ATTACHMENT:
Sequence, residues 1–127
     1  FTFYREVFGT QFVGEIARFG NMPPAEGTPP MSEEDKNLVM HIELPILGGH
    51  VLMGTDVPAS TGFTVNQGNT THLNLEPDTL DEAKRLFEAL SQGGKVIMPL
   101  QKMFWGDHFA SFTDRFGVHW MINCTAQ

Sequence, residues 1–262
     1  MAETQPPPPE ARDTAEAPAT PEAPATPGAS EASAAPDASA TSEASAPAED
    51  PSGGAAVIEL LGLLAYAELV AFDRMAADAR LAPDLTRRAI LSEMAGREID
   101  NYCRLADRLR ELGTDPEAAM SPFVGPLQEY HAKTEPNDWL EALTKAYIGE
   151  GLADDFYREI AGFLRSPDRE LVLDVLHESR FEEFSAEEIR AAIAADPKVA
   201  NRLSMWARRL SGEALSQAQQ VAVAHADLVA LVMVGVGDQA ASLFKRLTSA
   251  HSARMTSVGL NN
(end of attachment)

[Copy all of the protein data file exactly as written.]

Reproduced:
Sequence, residues 1–127
     1  FTFYREVFGT QFVGEIARFG NMPPAEGTPP MSEEDKNLVM HIELPILGGH
    51  VLMGTDVPAS TGFTVNQGNT THLNLEPDTL DEAKRLFEAL SQGGKVIMPL
   101  QKMFWGDHFA SFTDRFGVHW MINCTAQ

Sequence, residues 1–262
     1  MAETQPPPPE ARDTAEAPAT PEAPATPGAS EASAAPDASA TSEASAPAED
    51  PSGGAAVIEL LGLLAYAELV AFDRMAADAR LAPDLTRRAI LSEMAGREID
   101  NYCRLADRLR ELGTDPEAAM SPFVGPLQEY HAKTEPNDWL EALTKAYIGE
   151  GLADDFYREI AGFLRSPDRE LVLDVLHESR FEEFSAEEIR AAIAADPKVA
   201  NRLSMWARRL SGEALSQAQQ VAVAHADLVA LVMVGVGDQA ASLFKRLTSA
   251  HSARMTSVGL NN